Ethics @ Work: Public ethics and religion

Observant people typically, but not exclusively, have traditional attitudes.

By ASHER MEIR
January 11, 2007 22:03
3 minute read.
Ethics @ Work: Public ethics and religion

world bank 88. (photo credit: )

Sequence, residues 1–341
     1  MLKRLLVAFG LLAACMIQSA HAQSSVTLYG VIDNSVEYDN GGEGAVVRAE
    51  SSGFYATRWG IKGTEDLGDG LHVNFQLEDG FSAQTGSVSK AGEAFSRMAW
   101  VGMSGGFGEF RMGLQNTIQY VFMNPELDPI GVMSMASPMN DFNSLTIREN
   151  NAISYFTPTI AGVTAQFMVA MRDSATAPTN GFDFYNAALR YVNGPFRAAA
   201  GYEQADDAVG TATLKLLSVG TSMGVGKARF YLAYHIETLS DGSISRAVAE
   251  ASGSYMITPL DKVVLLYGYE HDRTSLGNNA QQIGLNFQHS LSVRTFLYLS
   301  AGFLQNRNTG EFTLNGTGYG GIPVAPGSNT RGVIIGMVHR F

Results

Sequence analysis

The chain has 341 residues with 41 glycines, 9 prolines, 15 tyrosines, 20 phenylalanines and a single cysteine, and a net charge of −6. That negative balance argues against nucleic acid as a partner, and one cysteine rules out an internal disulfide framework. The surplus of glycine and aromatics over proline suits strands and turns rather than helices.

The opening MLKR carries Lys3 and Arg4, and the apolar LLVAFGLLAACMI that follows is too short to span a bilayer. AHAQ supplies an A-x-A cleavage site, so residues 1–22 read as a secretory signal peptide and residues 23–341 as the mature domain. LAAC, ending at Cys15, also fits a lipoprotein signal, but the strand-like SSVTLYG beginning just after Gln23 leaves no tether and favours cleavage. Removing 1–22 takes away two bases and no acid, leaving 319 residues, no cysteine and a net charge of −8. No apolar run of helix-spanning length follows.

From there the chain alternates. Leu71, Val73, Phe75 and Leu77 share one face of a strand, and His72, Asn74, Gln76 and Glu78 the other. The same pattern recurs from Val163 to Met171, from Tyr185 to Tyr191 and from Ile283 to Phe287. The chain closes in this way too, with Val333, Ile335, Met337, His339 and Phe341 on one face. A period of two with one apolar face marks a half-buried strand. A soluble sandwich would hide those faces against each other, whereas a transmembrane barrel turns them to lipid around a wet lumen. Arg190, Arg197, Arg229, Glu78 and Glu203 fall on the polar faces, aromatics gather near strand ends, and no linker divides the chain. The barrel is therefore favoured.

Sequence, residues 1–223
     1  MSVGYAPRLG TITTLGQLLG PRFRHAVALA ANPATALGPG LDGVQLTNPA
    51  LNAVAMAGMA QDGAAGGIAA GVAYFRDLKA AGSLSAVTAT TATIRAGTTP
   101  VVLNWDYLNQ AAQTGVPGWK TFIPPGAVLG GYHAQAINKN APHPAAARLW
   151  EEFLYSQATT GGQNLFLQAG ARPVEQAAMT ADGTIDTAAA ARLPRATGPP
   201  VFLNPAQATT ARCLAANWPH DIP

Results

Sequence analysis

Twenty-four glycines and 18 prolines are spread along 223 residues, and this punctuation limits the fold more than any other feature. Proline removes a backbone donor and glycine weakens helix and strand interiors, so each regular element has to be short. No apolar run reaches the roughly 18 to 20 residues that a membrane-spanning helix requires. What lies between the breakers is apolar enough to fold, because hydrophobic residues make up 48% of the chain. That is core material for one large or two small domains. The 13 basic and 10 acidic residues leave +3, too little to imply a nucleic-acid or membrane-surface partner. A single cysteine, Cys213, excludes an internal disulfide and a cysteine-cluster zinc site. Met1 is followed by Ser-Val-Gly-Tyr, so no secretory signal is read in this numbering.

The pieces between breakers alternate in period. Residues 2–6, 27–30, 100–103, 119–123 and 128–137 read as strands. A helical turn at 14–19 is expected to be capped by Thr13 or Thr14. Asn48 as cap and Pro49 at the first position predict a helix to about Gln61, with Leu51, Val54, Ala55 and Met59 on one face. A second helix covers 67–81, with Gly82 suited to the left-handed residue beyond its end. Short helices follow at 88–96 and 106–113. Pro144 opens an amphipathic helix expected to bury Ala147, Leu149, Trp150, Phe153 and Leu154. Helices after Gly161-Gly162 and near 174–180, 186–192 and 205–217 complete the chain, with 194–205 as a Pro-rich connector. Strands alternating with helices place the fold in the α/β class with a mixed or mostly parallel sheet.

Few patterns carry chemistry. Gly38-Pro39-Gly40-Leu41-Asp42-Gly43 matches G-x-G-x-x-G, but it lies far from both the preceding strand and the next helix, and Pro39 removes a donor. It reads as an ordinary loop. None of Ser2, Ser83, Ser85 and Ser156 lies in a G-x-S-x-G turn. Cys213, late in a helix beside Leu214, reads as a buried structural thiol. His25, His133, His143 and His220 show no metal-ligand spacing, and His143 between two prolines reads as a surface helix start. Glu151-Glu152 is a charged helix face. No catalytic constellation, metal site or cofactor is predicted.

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One of the most common questions I get is whether religion makes people more (or less) ethical. I've done my best to research this question, but it's not easy to get or even to define good data. Where religious and non-religious people differ regarding ethical values, religion and ethics are obviously correlated. But when it comes to the old-fashioned ethical consensus like lying, cheating and stealing it's hard to find out who's doing it and how often s/he goes to a place of worship. I was inspired to go back to this question because I just saw the article "Corruption, religion and economic growth," by Philip Booth of the Institute for Economic Affairs in the UK, suggesting that public ethics are worse in religious countries - that is, countries with a larger religious population had worse corruption problems. (The article refers to a particular denomination but I scrupulously avoid judgment among religious groups.) This question is much easier to study, because we have good data on corruption and religious observance on a national level. I always love a good challenge and Jerusalem Post readers are the first to see my amazing results. The figures I used for measuring corruption are the latest World Bank governance indices. The World Bank measures quality of governance across countries on six different dimensions: Voice and Accountability; Political Stability; Government Effectiveness; Regulatory Quality; Rule of Law; and Control of Corruption (the World Bank is referring to public sector corruption). I measured extent of religious observance using the country average for how often each interviewee attends religious services - an eight-point scale from "practically never" to "more than once a week." Drum roll, please... On each of the six measures, more religious observance in the population is significantly correlated with worse governance! To get a better picture of what is going on, we have to dig a little deeper. Religious observance is typically a syndrome of behaviors (it is measured by attendance at a place of worship) and attitudes. Observant people typically, but not exclusively, have traditional attitudes. In my experience, most statistical studies showing a correlation with religious observance are actually a product of traditional attitudes. We can study this because the World Values Survey also includes a variable measuring where a person falls on a scale of attitudes from "traditional" to "rational" (I'm not implying that tradition is irrational, this is just how Ronald Inglehart, the index's inventor describes it.) But that's not the case here. When we limit ourselves to more advanced countries (those with first-world levels of income), we find that even when attitudes are factored in, a more observant population is significantly correlated with worse governance on all six indices! Why is this true? I'm not sure, but I offer two complementary explanations. One is that, really, everyone has a religion - a set of ideals and beliefs. People who don't adhere to some traditional faith tradition tend to be adherents of the "Church of Good Governance." I say this without any irony. People are naturally zealous for their values, and secularists tend particularly to value orderly public life. This is a psychological explanation, but there is a parallel functional explanation. Everyone wants to live in an orderly community. Faith communities provide this, and they are a bastion of order and security in an arbitrary and ruthless environment - if you live in one. But if you live in a country with exemplary governance, you just don't feel much need for a refuge. So here, also, governance and religious belonging are substitutes. I guess we would call these the "cause and effect" versions of the explanation. I will try to explore this issue further and of course keep Post readers up-to-date. Note that shulgoers are an insignificant fraction of worshippers in the survey, so please don't let statistics be an excuse to keep you out of synagogue tonight - perhaps Israel's latest public-sector scandals will even have you hankering for a little sanctuary of law and order this Shabbat. The writer is research director at the Business Ethics Center of Jerusalem (www.besr.org), an independent institute in the Jerusalem College of Technology. ethics-at-work@besr.org

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